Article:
The passing of Title IX in 1972 set the stage for the growth of women’s athletics across the country. Today, Washington University female student-athletes compete in 10 intercollegiate sports. And they hold 19 of WashU’s 22 NCAA Division III national championships, with the string of championships starting in 1989.
One proud chapter of Washington University’s history is the founding of The Consortium for Graduate Study in Management. Since 1966, the consortium has been driving diversity in business education and corporate leadership across the country.
Alumni of The Consortium for Graduate Study in Management do well by doing good.
Washington University management professor “stuck his neck out” to establish what has become the oldest and biggest business education diversity organization.
After years of reluctance — and with the help of his journalist daughter, alumna Debbie Bornstein Holinstat — Michael Bornstein shares his remarkable story of surviving Auschwitz in “Survivors Club: The True Story of a Very Young Prisoner of Auschwitz.”
Professor Gerald Early recently oversaw African and African-American Studies’ transition from program to full-fledged department at WashU. Here, he talks about the student activism that kick-started black studies programs around the country.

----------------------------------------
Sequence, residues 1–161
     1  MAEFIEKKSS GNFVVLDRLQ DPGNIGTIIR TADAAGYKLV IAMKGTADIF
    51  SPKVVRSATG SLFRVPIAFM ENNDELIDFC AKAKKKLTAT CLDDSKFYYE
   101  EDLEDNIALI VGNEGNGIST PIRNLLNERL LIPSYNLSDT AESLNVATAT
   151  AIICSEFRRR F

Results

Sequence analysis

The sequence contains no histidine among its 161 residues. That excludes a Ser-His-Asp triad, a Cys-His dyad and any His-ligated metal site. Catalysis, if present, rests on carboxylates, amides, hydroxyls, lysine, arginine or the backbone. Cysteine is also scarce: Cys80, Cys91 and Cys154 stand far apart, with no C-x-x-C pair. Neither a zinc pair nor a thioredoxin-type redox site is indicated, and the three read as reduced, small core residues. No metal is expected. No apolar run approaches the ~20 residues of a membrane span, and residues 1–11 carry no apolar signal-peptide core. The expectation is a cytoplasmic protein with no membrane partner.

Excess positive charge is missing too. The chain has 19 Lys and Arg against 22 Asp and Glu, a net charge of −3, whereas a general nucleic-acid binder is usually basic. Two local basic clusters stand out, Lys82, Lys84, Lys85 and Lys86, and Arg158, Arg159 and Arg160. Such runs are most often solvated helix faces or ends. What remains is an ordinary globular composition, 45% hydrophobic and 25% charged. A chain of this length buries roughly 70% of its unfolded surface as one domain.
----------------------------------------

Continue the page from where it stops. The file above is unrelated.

Frankenstein’s monster has a pervasive influence on popular culture. Here, we take a look at some of the illustrations and comic books that have taken the creature as their subject.
For Ira Kodner, MD, emeritus professor of surgery, Frankenstein has many ethical lessons for young scientists, physicians and society at large.
Kristin Bauer Van Straten, BFA ’88, is best known for playing the fashionable, no-nonsense vampire Pam De Beaufort on HBO’s True Blood. But when she was younger, she was interested in another art, painting, which led her to Washington University.
As a linguist and professor at Swarthmore, one might wonder why Jamie Thomas, AB ’06, is interested in zombies. She’s found that representations of the undead can help us better understand the dehumanization and fear that accompany racism, sexism and other languages of hate.